Sunday, January 11, 2015

The Isotta-Fraschini in Sunset Boulevard


Silent film star Norma Desmond's magnificent luxury car, the Isotta-Fraschini, plays a pivotal role in Sunset Boulevard (1950).  We'll take a look at Norma's car and the Italian company that manufactured it.


Cars are more than just transportation in Billy Wilder's film: They are important status symbols that drive the plot of this dark Hollywood satire. Hapless screenwriter Joe Gillis (William Holden) becomes entangled with the delusional Norma Desmond (Gloria Swanson) while hiding from debt collectors who are trying to repossess his car. After Gillis moves in with Norma, they ride in Norma's magnificent Italian luxury car, a 1929 Isotta-Fraschini 8A. The car was specially detailed for the movie queen--Norma brags to Gillis that "It cost me $28,000"-- with leopard-skin upholstery, Norma's initials engraved on the door and a gold-plated car phone. The short clip below explains the car's history.




The Isotta-Fraschini becomes a crucial turning point in the film when the delusional Norma mistakes a call from the studio to use her car for a film as an invitation to make her comeback movie with director Cecil B. DeMille. Norma shows up at the studio, only to be treated as an object of curiosity and ridicule (clip below). Fun fact: Erich von Stroheim, who plays Norma's faithful butler Max von Mayerling, couldn't drive so the car scenes had to be filmed with the Isotta-Fraschini being towed or by using process shots. I've always thought that Holden's acute embarrassment in those scenes was more than just acting--imagine being towed up and down Sunset Boulevard in that car with Swanson and von Stroheim in costume.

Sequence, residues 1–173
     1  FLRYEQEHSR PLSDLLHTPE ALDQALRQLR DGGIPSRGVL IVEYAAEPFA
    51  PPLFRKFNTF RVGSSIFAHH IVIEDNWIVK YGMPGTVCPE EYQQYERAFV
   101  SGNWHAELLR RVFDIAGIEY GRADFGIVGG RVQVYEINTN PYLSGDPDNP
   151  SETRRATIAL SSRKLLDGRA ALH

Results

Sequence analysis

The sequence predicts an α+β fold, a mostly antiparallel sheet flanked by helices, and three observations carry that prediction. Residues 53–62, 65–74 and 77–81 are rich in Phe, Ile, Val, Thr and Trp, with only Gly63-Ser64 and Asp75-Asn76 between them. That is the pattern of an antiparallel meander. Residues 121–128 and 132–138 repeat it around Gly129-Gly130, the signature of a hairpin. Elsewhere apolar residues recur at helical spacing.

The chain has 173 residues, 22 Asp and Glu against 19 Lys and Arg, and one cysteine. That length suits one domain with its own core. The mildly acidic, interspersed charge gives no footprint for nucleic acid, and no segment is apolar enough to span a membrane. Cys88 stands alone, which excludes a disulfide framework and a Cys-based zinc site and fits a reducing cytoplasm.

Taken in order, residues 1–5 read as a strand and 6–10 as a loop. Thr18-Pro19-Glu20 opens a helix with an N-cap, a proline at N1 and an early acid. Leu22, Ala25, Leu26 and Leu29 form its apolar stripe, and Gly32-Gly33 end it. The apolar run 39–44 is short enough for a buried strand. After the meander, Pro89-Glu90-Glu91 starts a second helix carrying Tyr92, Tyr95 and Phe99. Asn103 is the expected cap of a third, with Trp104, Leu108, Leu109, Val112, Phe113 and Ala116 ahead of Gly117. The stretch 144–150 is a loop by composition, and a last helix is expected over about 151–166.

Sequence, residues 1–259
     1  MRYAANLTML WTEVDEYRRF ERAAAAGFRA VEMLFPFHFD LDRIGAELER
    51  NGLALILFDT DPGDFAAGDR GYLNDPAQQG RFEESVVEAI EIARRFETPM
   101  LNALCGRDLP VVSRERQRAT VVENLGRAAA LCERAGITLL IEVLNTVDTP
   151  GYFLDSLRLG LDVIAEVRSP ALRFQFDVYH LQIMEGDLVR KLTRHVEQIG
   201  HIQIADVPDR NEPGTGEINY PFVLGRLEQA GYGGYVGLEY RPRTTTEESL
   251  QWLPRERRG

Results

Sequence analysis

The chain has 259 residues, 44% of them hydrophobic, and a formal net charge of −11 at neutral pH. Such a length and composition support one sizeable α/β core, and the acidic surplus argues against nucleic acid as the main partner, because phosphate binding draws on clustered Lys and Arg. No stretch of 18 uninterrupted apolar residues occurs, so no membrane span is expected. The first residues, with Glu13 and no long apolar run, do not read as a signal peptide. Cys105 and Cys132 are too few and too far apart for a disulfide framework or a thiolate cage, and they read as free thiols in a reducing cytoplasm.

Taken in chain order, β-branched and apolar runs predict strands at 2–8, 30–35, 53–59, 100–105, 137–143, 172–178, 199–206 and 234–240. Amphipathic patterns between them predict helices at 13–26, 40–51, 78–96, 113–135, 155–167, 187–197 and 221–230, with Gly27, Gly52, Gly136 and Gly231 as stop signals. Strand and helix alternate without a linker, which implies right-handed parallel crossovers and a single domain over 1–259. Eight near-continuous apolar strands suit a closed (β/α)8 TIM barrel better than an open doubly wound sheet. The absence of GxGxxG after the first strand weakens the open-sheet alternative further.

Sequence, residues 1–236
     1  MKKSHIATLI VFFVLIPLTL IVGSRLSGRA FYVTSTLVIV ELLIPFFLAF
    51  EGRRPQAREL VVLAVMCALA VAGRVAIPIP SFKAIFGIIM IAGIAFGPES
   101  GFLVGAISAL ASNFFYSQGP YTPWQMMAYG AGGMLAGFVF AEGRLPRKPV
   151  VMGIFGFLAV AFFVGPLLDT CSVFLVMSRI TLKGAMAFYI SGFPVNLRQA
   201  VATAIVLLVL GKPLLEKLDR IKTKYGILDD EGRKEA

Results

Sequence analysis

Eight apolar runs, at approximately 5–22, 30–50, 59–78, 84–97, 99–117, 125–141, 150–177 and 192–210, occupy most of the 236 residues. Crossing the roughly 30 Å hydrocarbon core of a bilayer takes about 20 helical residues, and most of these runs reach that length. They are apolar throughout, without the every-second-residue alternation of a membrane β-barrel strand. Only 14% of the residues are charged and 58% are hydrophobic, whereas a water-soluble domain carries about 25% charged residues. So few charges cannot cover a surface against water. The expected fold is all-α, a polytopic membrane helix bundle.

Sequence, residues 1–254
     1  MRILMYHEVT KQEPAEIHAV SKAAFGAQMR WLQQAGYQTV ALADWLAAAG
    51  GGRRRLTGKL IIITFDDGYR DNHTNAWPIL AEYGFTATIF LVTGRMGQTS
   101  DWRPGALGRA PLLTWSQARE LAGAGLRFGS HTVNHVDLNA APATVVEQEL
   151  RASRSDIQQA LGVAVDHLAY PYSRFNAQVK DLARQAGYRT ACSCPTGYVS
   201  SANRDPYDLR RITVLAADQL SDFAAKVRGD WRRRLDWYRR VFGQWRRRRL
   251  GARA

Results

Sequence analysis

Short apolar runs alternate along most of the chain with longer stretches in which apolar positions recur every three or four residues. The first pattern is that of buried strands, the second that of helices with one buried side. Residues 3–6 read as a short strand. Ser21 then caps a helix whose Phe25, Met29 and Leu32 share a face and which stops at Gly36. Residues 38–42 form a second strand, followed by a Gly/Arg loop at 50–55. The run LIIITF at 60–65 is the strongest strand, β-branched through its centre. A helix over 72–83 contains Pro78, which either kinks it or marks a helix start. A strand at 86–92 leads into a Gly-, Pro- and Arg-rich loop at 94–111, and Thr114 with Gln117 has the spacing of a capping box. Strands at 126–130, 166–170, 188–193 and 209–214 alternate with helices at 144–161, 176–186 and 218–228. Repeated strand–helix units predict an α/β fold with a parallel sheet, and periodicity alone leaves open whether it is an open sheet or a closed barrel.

Wilder's use of the Isotta-Fraschini was part of his painstaking efforts to recreate the world of silent film stars. Although the film takes place in 1950, Norma is still living as if it's 1929 where she is "the greatest star of them all" and her Isotta Fraschini is the last word in luxury and elegance. The car used in Sunset Boulevard is now displayed in Museo Nazionale dell'Automobile in Turin. 

Isotta Fraschini - 1929
The Isotta-Fraschini used in Sunset Boulevard has Norma Desmond's initials on the door.
Isotta-Fraschini was founded in 1900 by Cesare Isotta and brothers Vincenzo, Oreste and Antonio Fraschini. The Milanese company made its name by making race cars, but they discovered the American market in the 1920s. Isotta Fraschini began turning out fabulously detailed luxury vehicles for the nouveau-riche Hollywood stars who spared no expense in their lavish tastes. It girl Clara Bow and Norma Desmond's old friend and tango partner Rudolph Valentino owned Isotta-Fraschinis. The car was also used in several films, including Death Takes a Holiday (1934) starring Fredric March, Without Reservations (1946) starring John Wayne and Claudette Colbert and Farewell, My Lovely (1945) starring Dick Powell.


Isotta Fraschini - 1929
The 1929 Isotta-Fraschini 8A used in Sunset Boulevard (1950).
Isotta-Fraschini's fortunes declined after The Great Depression and World War II rocked Europe and the United States. The company eventually merged with an engine manufacturing firm, but Isotta-Fraschini went bankrupt in 1999. A new firm was established in 2000 with hopes of reviving the company.

Here's more from our Sunset Boulevard series: The 1950 best picture Oscars.

What's next: A look at the career of Hedda Hopper who has a cameo role in Sunset Boulevard.







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